(All Album Reviews by jlneudorf)
Greg Massi, founder of the eclectic bands Maudlin of the Well and Kayo Dot, is back with his new project Baliset. Their first album, A Time For Rust, was released in March, 2009. Massi, who provides guitars, keyboards and vocals, is a superb musician and wrote all eight songs. Joining Massi are Adam Letourneau (drums, percussion, vocals), Lauren Flaherty (vocals), T.L. Conrad (bass), John Battema (keyboards), Forbes Graham (trumpet) and Jim Fogarty (piano, keyboards).
I found this to be a really interesting album, and for those of you searching for something a bit different, it would be well worth checking out. This is another one of those discs that is difficult to categorize as the music draws from a variety of genres including rock, metal, pop, jazz and art rock. While Massi's music has an eccentric quality it is also very melodic. The compositions are richly varied, often exhibiting quieter passages and metallic guitar riffs, which should keep listeners engaged throughout the course of the CD. One of the highlights for me is the guitar work of Massi. He is an excellent player, showcasing heavy metal riffage, shred-like leads and melodic acoustic rhythms.
"These Moments Are…" opens the disc with melodic guitar passages before crashing drums and heavy guitar riffs take the listener by surprise. "A Time For Rust" has a mellow beginning but quickly breaks into metallic riffs creating a dense wall of sound which unfortunately buries the lead vocals, a problem that occurs occasionally during the course of the CD. "Machinery Listens To Love" is a short instrumental of moody keyboards creating a dream-like atmosphere. Perhaps the album's best song is "Black Light Moon", where languid lead guitar and dreamy atmospherics intermingle with quiet passages of acoustic guitar and nice background harmonies. Another highlight is the progressive "Dreamflesh", a masterful slice of art rock featuring layers of edgy guitar creating an aural assault on the senses. A ripping guitar solo completes the picture. "The Echo Box" is the album's last song and also the longest at over fifteen minutes. The first five minutes are absolutely stunning as Massi's guitar work is a highlight reel of chugging riffs, textured rhythms and dynamic leads. Acoustic guitar and softer keys add quieter moments, and the lead vocals of Flaherty are excellent. My only complaint is the five minutes of droning noise that make up the middle portion of the song. I suppose it demonstrates Massi has not lost touch with his avant-garde roots.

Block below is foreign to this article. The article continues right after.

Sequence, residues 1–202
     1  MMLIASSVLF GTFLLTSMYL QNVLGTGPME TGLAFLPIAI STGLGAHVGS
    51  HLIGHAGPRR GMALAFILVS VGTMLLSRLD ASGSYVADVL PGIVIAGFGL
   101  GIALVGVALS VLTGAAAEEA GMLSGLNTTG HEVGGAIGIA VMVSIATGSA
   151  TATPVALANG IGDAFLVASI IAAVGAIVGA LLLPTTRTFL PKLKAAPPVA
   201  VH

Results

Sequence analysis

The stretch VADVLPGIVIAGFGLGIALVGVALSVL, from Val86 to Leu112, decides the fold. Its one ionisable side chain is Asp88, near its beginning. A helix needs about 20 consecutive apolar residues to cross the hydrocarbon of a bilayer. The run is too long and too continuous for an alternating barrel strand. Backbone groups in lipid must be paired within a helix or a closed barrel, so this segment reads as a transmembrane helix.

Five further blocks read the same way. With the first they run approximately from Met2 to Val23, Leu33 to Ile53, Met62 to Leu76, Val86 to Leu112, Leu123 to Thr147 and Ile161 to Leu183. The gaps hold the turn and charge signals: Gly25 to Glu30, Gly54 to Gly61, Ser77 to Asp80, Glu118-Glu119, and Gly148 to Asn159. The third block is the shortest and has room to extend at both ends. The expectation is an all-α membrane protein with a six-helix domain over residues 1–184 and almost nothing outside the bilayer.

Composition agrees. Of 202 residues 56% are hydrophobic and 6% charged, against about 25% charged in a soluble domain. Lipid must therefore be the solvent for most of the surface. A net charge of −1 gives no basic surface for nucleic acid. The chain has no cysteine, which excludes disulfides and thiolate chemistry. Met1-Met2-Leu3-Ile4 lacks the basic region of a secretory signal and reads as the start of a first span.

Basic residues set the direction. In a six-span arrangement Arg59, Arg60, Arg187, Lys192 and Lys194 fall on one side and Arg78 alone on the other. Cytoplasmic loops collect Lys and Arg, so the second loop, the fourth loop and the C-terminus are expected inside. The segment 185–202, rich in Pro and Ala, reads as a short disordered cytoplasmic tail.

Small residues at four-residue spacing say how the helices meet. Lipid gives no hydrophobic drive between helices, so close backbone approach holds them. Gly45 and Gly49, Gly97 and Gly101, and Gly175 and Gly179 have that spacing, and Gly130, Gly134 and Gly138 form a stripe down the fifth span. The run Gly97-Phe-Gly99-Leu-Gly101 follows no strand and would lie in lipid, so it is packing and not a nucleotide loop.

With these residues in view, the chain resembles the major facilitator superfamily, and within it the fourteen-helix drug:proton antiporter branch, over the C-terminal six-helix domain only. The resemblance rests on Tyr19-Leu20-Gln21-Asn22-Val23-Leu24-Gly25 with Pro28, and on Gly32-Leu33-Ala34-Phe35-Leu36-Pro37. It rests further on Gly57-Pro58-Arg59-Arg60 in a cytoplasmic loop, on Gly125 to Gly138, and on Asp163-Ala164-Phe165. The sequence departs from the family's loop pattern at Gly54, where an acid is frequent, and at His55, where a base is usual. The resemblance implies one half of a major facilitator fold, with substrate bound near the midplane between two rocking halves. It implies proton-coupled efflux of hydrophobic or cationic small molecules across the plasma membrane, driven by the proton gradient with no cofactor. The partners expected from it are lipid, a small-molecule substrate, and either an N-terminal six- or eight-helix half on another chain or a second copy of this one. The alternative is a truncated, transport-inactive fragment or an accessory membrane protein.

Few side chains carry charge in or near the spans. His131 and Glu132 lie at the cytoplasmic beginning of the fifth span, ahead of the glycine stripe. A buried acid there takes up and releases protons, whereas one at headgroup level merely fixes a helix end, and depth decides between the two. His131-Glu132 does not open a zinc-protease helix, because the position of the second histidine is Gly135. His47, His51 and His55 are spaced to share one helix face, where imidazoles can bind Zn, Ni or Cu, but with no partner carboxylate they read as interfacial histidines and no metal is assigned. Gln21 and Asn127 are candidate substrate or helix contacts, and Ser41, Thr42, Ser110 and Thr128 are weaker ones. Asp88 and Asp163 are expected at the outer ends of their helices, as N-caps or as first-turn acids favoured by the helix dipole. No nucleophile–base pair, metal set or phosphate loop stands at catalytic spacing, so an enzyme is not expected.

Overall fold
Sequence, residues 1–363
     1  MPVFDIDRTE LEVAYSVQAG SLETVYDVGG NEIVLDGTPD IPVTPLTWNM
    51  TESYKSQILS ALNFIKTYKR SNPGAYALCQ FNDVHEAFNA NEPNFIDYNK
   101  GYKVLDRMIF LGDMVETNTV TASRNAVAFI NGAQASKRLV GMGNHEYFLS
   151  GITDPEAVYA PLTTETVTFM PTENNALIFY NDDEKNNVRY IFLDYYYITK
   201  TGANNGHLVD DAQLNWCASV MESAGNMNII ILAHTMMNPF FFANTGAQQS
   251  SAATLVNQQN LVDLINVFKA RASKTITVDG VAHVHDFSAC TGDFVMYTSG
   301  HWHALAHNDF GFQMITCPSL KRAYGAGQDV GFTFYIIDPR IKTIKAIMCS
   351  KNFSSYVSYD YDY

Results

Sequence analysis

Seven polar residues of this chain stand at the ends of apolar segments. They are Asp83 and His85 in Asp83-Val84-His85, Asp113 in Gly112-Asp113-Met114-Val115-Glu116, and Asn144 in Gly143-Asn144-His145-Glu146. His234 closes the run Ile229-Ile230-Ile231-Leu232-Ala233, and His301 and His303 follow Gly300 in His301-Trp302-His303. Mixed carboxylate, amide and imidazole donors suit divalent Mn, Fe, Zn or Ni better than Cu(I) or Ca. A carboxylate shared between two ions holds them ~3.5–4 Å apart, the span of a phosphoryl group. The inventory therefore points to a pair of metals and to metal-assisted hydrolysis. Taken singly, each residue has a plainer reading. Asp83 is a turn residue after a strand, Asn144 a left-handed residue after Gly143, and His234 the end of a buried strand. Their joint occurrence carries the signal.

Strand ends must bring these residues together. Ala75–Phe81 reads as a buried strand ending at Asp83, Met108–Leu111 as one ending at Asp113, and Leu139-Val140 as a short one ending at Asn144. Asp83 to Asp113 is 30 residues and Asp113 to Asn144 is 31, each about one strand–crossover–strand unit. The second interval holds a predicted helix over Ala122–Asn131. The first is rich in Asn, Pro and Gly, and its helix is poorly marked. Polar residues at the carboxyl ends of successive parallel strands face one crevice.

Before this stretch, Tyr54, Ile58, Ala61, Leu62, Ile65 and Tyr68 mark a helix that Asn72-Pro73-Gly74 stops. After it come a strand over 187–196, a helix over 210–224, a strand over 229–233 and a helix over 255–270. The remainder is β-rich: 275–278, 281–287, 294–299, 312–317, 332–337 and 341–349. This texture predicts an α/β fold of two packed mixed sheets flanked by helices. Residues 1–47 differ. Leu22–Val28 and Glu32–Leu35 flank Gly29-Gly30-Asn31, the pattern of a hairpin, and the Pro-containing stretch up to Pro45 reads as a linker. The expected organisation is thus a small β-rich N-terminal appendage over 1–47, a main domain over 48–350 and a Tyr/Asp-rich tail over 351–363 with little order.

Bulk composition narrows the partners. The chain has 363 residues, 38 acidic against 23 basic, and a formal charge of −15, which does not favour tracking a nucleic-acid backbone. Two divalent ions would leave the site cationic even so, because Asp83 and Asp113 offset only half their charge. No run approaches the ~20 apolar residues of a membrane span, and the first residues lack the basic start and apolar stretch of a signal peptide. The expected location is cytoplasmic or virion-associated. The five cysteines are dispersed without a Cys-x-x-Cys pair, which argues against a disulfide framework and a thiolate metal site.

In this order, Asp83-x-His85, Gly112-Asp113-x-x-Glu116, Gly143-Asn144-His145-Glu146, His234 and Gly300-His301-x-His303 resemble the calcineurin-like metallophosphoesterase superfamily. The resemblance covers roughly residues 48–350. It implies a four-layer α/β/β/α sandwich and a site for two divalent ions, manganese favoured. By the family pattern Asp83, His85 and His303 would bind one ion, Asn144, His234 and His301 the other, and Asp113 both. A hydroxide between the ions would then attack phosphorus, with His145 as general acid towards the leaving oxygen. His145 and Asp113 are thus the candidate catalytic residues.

Aside from the fact the lead vocals were hard to hear at times and the slight mishap with the last track, this is an excellent album and one I enjoyed very much. A Time For Rust has a certain eclectic charm and is an album I think many fans of progressive music will appreciate.